On April 10, 1999, at 0930 hours Pacific daylight time, a Cessna 172H, N3289L, veered right off runway 30 and collided with a taxiway sign during takeoff from the North Las Vegas, Nevada, airport. The aircraft was operated by North Las Vegas Flying Club and was rented by the pilot for a personal cross-country flight under 14 CFR Part 91 of the Federal Aviation Regulations. Visual meteorological conditions prevailed at the time and no flight plan was filed. The aircraft incurred substantial damage. The private pilot and his two passengers were not injured. The flight was originating at the time as a cross-country flight to the Grand Canyon National Park airport. Use your browsers 'back' function to return to synopsisReturn to Query Page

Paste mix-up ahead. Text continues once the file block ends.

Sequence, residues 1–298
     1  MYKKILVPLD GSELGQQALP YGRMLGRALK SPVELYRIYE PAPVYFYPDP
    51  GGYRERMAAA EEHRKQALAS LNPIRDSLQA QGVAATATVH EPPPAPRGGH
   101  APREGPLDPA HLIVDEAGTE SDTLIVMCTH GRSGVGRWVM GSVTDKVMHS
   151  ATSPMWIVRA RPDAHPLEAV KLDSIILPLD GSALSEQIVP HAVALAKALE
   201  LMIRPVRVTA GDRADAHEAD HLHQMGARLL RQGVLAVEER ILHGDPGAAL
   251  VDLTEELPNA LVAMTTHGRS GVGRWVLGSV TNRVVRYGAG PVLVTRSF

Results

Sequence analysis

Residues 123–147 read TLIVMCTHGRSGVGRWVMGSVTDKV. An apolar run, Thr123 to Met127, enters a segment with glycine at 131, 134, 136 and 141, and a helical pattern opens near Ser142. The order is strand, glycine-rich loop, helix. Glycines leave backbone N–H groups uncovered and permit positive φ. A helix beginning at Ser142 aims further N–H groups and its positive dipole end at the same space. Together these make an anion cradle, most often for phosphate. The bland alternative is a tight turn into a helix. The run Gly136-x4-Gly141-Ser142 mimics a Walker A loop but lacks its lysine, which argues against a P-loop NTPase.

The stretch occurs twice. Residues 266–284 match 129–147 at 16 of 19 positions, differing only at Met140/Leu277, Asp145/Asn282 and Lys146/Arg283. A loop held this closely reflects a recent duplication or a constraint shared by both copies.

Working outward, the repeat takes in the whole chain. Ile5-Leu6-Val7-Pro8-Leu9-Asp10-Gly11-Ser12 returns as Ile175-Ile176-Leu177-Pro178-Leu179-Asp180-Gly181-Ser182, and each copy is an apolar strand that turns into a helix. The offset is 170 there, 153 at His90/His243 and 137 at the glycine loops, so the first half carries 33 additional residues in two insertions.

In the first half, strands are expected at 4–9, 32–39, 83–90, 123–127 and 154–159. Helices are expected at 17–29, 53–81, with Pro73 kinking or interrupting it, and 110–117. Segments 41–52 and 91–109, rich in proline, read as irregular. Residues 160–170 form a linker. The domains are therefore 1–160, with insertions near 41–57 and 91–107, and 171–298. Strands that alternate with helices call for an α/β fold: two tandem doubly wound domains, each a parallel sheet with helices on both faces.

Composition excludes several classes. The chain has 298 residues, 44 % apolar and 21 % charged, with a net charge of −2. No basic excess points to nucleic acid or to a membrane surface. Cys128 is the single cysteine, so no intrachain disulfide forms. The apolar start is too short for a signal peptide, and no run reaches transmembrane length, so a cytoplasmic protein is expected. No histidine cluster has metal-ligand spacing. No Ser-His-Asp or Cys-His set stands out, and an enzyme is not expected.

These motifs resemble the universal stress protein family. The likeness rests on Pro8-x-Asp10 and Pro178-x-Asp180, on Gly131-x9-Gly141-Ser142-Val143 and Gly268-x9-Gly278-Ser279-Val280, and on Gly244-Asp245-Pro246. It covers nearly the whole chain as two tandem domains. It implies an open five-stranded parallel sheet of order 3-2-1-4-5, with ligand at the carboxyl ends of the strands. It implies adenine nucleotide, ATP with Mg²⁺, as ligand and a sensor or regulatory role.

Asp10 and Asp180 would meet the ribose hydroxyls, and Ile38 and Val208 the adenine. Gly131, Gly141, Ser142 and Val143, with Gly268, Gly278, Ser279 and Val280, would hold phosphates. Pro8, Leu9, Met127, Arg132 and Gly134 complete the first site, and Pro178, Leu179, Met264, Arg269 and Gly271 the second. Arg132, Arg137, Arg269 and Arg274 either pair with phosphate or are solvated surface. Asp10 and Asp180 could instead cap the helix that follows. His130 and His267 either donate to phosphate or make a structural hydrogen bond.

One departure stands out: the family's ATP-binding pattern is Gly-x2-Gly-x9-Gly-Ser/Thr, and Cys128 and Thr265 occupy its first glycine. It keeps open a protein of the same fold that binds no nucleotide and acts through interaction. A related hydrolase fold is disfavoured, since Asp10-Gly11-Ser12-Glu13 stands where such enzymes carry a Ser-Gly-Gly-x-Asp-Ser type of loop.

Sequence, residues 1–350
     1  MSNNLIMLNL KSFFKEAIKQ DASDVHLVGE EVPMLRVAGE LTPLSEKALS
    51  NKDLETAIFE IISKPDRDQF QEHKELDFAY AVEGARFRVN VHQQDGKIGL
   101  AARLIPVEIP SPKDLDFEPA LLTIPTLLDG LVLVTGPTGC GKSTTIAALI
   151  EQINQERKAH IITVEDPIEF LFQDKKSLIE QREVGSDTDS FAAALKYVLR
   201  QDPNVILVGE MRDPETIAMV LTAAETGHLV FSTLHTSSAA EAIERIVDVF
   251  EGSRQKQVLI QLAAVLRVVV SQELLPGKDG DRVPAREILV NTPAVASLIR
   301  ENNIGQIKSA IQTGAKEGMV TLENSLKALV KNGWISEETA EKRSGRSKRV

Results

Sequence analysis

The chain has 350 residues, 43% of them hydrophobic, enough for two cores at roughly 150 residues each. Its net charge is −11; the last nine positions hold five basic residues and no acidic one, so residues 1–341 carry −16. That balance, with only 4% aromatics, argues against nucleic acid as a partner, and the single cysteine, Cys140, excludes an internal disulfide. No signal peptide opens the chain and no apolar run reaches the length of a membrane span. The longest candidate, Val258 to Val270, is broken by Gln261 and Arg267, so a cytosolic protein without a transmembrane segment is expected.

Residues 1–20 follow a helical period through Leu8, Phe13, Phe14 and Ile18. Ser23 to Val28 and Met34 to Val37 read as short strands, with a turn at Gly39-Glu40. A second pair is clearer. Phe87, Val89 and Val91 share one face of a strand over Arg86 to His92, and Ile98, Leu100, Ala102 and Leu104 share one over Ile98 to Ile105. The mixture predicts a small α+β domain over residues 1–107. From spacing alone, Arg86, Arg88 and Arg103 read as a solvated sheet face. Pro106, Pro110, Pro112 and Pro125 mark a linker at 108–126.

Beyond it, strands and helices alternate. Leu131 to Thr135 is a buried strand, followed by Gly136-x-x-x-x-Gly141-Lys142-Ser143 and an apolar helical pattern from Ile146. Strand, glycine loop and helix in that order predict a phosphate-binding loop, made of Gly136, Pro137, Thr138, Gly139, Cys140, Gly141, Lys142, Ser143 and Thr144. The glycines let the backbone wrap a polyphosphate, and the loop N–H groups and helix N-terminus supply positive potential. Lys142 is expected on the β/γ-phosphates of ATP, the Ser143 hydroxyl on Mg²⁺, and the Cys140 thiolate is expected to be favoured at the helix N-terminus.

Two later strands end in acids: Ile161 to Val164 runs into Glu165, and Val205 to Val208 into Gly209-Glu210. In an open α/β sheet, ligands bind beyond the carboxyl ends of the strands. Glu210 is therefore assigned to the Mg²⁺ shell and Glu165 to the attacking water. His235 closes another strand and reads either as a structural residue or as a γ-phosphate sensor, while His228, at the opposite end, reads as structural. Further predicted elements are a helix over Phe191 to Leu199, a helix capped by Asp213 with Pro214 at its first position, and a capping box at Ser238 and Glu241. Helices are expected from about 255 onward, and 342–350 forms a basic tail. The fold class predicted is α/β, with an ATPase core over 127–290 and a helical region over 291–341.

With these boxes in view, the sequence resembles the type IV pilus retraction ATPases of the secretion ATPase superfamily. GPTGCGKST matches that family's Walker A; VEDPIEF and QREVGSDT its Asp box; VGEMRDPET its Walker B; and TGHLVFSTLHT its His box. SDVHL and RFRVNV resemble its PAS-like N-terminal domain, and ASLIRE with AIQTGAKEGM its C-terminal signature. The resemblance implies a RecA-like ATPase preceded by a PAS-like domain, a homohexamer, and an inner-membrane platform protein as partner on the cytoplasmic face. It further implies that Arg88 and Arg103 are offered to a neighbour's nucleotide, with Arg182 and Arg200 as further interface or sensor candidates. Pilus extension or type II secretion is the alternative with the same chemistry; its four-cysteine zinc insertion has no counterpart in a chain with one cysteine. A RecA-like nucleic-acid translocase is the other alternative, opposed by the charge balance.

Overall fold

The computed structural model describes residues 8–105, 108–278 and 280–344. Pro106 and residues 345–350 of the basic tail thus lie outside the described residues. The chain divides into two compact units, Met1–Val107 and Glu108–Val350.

In a written statement, the pilot reported that he was attempting a formation takeoff with another aircraft and initiated his takeoff roll when the first aircraft became airborne. At 65 mph, the pilot rotated and the aircraft veered right just as the wheels left the ground. The pilot stated that he was unable to regain control of the aircraft and the nose wheel collided with a taxiway sign. He said he then was finally able to regain aircraft control and took the aircraft around the traffic pattern and landed on runway 7. As the nose wheel touched down, the nose strut collapsed. Subsequent examination of the aircraft revealed damage to the firewall and right horizontal stabilizer.